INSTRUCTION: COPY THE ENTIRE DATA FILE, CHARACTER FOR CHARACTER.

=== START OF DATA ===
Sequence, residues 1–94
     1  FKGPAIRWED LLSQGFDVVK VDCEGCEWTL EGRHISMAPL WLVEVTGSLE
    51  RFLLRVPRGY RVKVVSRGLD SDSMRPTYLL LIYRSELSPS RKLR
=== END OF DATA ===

Sequence, residues 1–94
     1  FKGPAIRWED LLSQGFDVVK VDCEGCEWTL EGRHISMAPL WLVEVTGSLE
    51  RFLLRVPRGY RVKVVSRGLD SDSMRPTYLL LIYRSELSPS RKLR